Q: When you were growing up, were you always interested in design and creative?
Not so much design, but art. One of my earliest memories is of drawing, mainly recreating my own versions of the Daily Mail character Andy Capp. My interest for design started at college whilst I was studying A Level art and a friend mentioned he was on a ‘graphic design’ course. This interested me, and my love for design was born. But fundamentally, creative has always been within me.
Q: What were some early influences on your career choice?
To be honest, it was my interest in art that led me to an interest in design, and how art influenced culture. This influence on culture (and by culture I mean the world around us - be it advertising, cinema, magazines, life) then led me to be interested more heavily in the construction and meaning behind design and how it influences our everyday lives.
Q: Tell us about your first creative job?
My first role as a designer was whilst I was still studying design at Salford University. At the time I was living in Stoke-on-Trent, and whilst on a Greek holiday with my girlfriend at the time, I got talking to a chap around the pool one day who just happened to run his own design studio in Stoke. Fast forward 6 months and I’m working in his studio on a placement and fast forward another 6 months, I’m on his payroll. Talk about being in the right place at the right time! The role was great. It threw me in at the deep end with regard to working in a fast paced environment and I created some great work for local clients. A great first stepping stone in my career. I spent over 2 years there and am still in contact with all my old colleagues.
Q: What were some early lessons you learnt about creativity?
Just one lesson to live and breath by: think the opposite to whatever you think is the solution. This allows you to explore all avenues of opportunity when tackling a brief and often allows you to come up with something wonderfully creative (a suggested read on this is a book by the famous Creative Director, Paul Arden, titled ‘Whatever you think, think the opposite’. It’s a book I constantly refer to and must have read over 50 times).
Q: Tell us about your role with ClientsFirst?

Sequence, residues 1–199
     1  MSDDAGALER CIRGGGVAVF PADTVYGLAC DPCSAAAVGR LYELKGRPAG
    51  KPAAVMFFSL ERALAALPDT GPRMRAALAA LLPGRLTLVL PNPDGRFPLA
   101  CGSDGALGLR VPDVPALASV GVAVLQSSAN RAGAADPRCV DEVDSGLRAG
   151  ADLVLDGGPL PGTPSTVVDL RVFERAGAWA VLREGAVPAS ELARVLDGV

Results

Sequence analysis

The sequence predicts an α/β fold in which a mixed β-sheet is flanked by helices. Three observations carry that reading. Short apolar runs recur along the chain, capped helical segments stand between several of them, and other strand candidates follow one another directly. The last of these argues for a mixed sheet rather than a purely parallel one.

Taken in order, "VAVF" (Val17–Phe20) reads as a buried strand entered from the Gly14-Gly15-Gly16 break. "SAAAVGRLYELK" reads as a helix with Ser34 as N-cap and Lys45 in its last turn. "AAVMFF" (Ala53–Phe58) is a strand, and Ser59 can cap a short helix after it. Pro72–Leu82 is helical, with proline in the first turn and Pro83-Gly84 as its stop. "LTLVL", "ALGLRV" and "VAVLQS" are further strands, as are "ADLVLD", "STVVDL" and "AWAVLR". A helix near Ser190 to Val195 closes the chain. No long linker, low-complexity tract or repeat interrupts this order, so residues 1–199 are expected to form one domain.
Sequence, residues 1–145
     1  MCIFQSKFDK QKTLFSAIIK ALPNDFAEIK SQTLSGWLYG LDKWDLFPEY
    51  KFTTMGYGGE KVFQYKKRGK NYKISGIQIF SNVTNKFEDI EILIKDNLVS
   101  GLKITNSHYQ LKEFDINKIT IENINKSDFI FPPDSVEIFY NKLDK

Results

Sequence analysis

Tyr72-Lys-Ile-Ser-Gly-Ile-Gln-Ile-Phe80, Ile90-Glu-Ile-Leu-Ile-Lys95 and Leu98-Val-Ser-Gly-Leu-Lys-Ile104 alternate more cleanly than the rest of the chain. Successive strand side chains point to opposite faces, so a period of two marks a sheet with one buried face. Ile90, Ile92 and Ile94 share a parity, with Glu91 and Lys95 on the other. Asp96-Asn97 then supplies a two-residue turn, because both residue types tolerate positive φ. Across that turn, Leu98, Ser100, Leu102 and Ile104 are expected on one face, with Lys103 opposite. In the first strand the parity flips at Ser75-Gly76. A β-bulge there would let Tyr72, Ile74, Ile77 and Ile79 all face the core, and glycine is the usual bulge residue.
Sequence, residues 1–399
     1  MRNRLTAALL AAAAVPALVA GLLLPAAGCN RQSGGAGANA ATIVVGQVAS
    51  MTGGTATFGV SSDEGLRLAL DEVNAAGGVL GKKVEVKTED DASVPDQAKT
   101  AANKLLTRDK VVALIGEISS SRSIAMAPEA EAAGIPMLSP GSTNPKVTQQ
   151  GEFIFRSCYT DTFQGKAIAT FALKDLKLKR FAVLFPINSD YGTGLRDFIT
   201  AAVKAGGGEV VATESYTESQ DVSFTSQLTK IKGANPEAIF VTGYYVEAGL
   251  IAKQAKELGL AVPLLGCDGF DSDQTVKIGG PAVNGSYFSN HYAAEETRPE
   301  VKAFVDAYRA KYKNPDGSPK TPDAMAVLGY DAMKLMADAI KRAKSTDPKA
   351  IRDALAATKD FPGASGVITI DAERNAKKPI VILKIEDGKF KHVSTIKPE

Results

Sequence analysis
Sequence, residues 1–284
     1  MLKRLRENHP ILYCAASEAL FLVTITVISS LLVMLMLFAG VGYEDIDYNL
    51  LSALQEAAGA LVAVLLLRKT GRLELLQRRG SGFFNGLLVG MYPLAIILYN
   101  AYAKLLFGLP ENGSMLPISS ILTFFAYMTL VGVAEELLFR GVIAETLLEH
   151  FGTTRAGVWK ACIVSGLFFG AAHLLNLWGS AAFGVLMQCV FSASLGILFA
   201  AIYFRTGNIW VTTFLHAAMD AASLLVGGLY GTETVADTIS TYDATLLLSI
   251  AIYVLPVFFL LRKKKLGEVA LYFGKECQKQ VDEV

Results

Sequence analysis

As Head of Design, it’s my role to ensure we produce visually amazing work for our clients. Consistency at these high levels is very important to me as I’m a strong believer in putting my name to everything that we as an agency produce. I lead a highly creative and experienced team who help me to achieve this.
Q: How important is creativity in the professional services sector?
Creativity is important in any sector, but especially the professional sector. Any business that doesn’t sell a tangible product but a service needs to really emphasise its USP and have an exquisite offering for its customers. The experience it delivers has to be perfect along every touch point, and that’s where we help; by delivering creative consistency to our clients which allows them to shine.
Q: Does it come with any challenges?
Many. Daily. But if you don’t love and relish a challenge then life would be so boring, right? The challenge is to dissect a brand and find out what makes it it. The why, the how and the what. That way, the sector becomes irrelevant and it’s about finding the creative angle to answer the brief.
Q: How do you approach creative brainstorming? How do you generate creative ideas with your team?
Every brief is different. Therefore how we execute each one differs. There’s no secret to brainstorming, you just have to go with a spark, an idea, a thought, a word and roll with it and explore. Then, step away from it for an hour, maybe a day, maybe even a week. This gives your brain the time to digest and rest. Great ideas often come when you're not trying to think of an idea when the unconscious mind is at work, so take time to think about something else.
Q: What do you do for creative inspiration? How do you stay motivated and inspired?
It’s difficult to not be motivated and inspired by the people around us and the world we live in. There is inspiration everywhere. From the streets we walk to work on to the conversations you can have with a stranger whilst queuing to pay for your lunch in Aldi. As long as you look and listen and observe, inspiration surrounds us all… even down to the surreal conversations I often find myself having with my two and a half year old.
Q: What advice would you give to young people wanting to start a career in design within an agency environment?
Go for it. If you have drive and passion for what you do and the spark inside to want to create beautifully creative work then you’ll succeed. If this is you then please call me, by the way - I want you on my team!